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Release Eleven journalists, groups urge after shocking arrest in Yangon

Nov 12. 2016
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SEVERAL international media and rights organisations have called on the Myanmar government to immediately release two senior journalists of the Eleven Media Group, who were detained on a defamation charge.

On Friday, chief executive officer of Eleven Media Group Dr Than Htut Aung and Chief Editor Wai Phyo reported to a district police station and were then taken to court. Later they were sent to Insein Prison, with the next court hearing due on November 25.

Editors of the Asia News Network, of which Eleven Media is a member, have expressed shock and dismay at the detentions. 

Both Eleven Media journalists were charged under the Section 66 (d) of the Telecommunications Act following a case filed by the Yangon Region government, whose Chief Minister Phyo Min Thein is himself a former political prisoner and a key member of the ruling National League for Democracy (NLD) Party.

The case is based on a Facebook post of an article “Myanmar: A year after the Nov 8 polls” on the first anniversary of the national election that saw the NLD sweep to power, about democracy and development in Myanmar facing hurdles of cronyism and corruption. 

The article was also translated into English and carried by several members of the Asia News Network, an alliance of 20 media outlets in 18 Asian countries. Eleven Media is a member of the network.

Asia News Network said in a statement that it is the duty of the government to ensure the law was not used to stifle comment or to curb freedom of the press. 

It was important, the editors said, for a young democracy to not be perceived as draconian, or as reacting disproportionately to criticism.

While the ANN editors appealed to the authorities in Myanmar and particularly Yangon region officials, stressing that the law must take its course, the editors felt no useful purpose would be served by detaining the two journalists without bail. On the contrary, such detentions would only intimidate the media and impede the democratic process that party leader and de facto head of government Aung San Suu Kyi and her party had fought long and hard for.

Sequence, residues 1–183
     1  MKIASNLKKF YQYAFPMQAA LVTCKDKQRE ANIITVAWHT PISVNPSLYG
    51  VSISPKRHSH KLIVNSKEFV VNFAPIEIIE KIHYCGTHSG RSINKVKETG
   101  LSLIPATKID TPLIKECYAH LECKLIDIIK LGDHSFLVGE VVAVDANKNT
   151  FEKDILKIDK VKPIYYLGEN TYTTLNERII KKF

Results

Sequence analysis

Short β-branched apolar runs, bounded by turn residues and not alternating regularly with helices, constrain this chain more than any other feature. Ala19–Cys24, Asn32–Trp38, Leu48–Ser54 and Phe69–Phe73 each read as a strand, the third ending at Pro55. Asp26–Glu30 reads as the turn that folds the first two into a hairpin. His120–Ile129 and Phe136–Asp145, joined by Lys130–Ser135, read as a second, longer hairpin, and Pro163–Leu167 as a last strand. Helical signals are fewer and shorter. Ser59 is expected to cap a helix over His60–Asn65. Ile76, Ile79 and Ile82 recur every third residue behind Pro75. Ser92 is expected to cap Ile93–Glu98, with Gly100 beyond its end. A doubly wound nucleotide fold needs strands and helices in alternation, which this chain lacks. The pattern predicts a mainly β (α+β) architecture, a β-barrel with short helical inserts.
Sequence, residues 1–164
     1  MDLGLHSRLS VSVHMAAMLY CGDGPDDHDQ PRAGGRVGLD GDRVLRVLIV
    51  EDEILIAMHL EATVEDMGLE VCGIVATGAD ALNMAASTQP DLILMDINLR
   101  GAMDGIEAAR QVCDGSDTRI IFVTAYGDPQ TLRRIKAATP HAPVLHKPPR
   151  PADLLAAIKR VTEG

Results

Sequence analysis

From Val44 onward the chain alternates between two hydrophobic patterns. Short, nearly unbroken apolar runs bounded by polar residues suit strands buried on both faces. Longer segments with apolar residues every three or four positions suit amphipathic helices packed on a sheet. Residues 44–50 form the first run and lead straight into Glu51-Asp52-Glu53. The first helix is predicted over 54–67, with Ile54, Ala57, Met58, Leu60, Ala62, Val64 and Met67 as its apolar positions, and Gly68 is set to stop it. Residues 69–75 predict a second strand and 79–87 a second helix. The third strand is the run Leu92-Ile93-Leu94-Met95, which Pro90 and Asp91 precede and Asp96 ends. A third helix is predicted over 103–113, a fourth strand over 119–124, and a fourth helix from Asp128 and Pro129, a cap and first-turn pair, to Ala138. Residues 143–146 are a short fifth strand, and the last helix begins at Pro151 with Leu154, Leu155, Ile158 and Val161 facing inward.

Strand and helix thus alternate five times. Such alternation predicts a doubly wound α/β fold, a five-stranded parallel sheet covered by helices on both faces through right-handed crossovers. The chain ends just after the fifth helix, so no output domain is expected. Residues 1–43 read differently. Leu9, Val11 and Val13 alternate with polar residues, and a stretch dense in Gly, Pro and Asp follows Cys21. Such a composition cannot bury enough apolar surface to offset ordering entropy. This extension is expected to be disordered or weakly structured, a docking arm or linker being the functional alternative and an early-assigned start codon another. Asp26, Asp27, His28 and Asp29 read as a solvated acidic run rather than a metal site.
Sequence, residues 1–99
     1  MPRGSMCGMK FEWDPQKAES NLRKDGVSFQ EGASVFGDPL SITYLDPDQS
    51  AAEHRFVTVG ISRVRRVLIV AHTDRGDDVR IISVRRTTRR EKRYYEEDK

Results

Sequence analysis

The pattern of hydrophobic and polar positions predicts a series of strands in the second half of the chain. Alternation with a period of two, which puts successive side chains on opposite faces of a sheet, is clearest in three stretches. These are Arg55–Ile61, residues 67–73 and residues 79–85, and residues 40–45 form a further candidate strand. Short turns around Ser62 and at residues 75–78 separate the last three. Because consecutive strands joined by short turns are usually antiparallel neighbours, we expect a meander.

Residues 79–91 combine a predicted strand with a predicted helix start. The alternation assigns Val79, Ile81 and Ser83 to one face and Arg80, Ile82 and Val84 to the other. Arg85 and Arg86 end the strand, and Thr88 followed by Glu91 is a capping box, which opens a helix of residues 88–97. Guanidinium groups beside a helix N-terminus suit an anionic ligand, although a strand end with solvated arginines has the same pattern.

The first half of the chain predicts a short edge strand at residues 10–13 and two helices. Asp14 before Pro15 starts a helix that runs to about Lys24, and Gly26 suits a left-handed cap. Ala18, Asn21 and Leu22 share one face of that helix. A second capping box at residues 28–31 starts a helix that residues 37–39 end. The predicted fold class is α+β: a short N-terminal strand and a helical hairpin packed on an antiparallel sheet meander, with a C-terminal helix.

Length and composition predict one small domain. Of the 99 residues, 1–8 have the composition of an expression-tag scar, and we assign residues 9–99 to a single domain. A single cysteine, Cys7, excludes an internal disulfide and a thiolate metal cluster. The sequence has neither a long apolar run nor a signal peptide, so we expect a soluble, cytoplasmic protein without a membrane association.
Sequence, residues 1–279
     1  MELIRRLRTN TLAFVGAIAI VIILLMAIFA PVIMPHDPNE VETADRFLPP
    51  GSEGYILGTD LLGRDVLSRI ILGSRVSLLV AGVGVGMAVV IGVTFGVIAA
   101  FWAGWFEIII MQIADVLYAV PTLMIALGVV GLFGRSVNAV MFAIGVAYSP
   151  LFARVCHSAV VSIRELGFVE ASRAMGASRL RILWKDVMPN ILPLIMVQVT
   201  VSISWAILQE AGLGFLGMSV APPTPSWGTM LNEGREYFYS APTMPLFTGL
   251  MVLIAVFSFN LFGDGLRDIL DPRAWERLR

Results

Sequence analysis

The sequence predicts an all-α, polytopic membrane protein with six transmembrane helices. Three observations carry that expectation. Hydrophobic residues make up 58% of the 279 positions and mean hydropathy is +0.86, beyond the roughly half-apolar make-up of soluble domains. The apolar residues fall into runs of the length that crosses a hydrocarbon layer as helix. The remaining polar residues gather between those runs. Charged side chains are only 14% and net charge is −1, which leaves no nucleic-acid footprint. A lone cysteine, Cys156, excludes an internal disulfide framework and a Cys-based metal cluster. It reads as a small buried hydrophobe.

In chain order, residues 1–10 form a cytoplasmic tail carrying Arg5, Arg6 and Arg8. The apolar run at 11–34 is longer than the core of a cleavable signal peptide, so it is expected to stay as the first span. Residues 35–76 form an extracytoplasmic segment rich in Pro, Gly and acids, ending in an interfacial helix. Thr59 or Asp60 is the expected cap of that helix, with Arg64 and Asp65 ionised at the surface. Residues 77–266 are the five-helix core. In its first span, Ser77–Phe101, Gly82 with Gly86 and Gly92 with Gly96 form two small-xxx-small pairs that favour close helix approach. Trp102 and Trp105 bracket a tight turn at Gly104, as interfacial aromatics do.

The call was echoed by Rafendi Djamin, Amnesty International’s Regional Director for Southeast Asia and Pacific. “Arresting and detaining these two men raises serious concerns about the NLD-led government’s commitment to freedom of expression,” Djamin said. “Using repressive laws to stifle peaceful criticism of government officials could cause other media workers in Myanmar to engage in self-censorship. State officials are not above scrutiny, and journalists have an important role in holding them accountable,” Djamin said.

Legal Aid Network released a statement that said the case would drag Myanmar media back to the “dark ages” with no one daring to criticise the authorities. It said the government led by NLD and the Yangon chief minister should value Eleven Media in maintaining public interest with anti-corruption reports.

In contrast, the Myanmar Press Council said it could not intervene in a case involving the Eleven article despite a request to do so by the Yangon Region government, as the later needed to first withdraw its lawsuit, as stated in the Media Law.

On Friday, chief editor of Eleven Media Group Wai Phyo said: “We are here today. The CEO and me went for interrogation as we are charged with violating the Telecommunications Law 66 (d) by the Yangon Region government. It is an unfair law. Every citizen should get equal rights under the law. If action is taken under 66(d), then let there be fairness and justice. We’ll be back pursuing the truth. We’ll be back for Eleven to bring out the truth. Please stand by justice.”

Chief Minister Phyo Min Thein had told a press conference last week that “The post was intended to defame my personal dignity, was a misrepresentation and it has disturbed my activities.”

The Foreign Correspondents’ Club of Myanmar, in a statement, expressed deep concern about the arrest and legal action against Eleven Media Group journalists.

Asia News Network is made up of Dawn, Pakistan; The Statesman, India; China Daily; Korea Herald; China Post, Taiwan; Kathmandu Post; The Nation, Thailand; Kuensel, Bhutan; The Island, Sri Lanka; The Daily Star, Bangladesh; Jakarta Post, Straits Times, Singapore; The Star, Malaysia; Vietnam News, Vientiane Times; Rasmei Kampuchea, Cambodia, Yomiuri Shimbun and The Japan News; Sin Chew Daily, Malaysia; and Eleven Media Group, Myanmar


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